• Chandlor Henderson

“HATE CRIME” IN BERKELEY BUT NOT IN CONTRA COSTA COUNTY

By Willie J. Mims, M.A.

Community Activist

January 3, 2021

Why was the hanging of a noose in Berkeley considered a hate crime, but not the hanging of a human being in Contra Costa County?


On July 22, a black man by the name of Marcus Dukes was found hanging from a tree in Antioch. The Antioch police department automatically ruled it a suicide, even though witnesses heard someone screaming at the exact location of the hanging. Sources have also said that a substantial amount of money was missing from one of Dukes’ bank cards. In the police department’s rush to dismiss this hanging as a suicide, an injustice was done to Dukes and his family. This hanging occurred less than three days after Dukes was released from incarceration. A free man hanging himself? That makes no sense to me! I refuse to accept the Antioch Police Department's flawed investigation. They never even considered the fact that this could have been a hate crime.


A similar injustice was seen in Brentwood, CA when the hanging of a mannequin with a black cap over its face was not considered a hate crime by the Brentwood Police Department. That mannequin was facing the home of a mixed race couple who lived directly across the street from the white man, Eric Harvey, who hung the atrocity on his own property. Harvey has been well-known for years for making and displaying racist comments. Despite this history, the Brentwood Police Department did not consider the hanging mannequin to be a hate crime. Earlier this year, on February 3rd or 4th, somebody hung a rope from a tree at Liberty High School, also located in Brentwood. Again, this was not investigated as a hate crime. Why?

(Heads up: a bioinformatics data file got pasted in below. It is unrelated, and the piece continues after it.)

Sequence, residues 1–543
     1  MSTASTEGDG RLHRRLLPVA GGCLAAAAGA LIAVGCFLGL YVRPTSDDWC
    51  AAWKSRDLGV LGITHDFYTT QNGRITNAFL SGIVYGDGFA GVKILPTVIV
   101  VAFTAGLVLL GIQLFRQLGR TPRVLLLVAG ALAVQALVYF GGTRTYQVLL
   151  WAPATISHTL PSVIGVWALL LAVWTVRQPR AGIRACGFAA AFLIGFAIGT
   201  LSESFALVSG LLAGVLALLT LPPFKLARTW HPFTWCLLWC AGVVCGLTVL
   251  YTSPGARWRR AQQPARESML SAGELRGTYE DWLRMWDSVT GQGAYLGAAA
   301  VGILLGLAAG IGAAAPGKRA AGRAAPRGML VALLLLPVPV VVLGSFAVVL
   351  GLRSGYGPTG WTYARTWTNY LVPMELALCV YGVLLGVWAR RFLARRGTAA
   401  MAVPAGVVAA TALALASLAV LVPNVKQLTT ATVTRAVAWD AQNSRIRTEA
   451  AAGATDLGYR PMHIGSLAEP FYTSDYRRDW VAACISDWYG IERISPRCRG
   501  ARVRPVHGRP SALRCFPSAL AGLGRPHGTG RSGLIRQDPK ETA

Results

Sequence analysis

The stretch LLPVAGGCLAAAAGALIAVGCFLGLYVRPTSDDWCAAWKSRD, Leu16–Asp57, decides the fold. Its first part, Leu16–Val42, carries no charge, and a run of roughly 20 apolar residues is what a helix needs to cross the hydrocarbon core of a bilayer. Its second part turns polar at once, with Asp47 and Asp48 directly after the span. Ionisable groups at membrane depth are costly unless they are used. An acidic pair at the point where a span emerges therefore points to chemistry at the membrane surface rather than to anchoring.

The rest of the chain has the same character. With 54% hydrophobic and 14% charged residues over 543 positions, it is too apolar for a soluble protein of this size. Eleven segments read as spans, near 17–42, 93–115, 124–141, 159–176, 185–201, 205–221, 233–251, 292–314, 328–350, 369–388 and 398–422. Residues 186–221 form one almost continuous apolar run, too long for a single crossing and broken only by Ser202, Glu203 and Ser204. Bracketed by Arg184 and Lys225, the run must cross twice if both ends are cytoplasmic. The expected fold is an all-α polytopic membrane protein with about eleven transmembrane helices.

What makes Brentwood and Antioch any different from Berkeley, where the mere hanging of a rope from a tree was considered and charged as a hate crime? Both Brentwood and Antioch are not alone, however, in their failure to address hate crimes within their cities. On October 30th, a physical confrontation took place at a park in Pittsburg between Nicole Terrell, a lone black woman and two men. One white, one Hispanic. It was not classified as a hate crime. One of the men hurled racist comments at Terrell, who had been hit and bruised by one of the men. Yet the Pittsburgh Police Department originally charged Terrell, the victim of this assault by two men. Concerning the two officers who had arrived on the scene, one was white, the other Hispanic, the same nationality of the two men who got into that confrontation with a lone black woman. Were the Pittsburgh Police applying the color line in their original decision to charge this lone black woman with a crime? Why didn't they even consider the racist comments and the assault as possible hate crimes? The answer is as simple as a fly buzzing in one's ear: WE ARE NOT IN BERKELEY. WE ARE IN CONTRA COSTA COUNTY, where in most cases, BLACK LIVES DO NOT MATTER.


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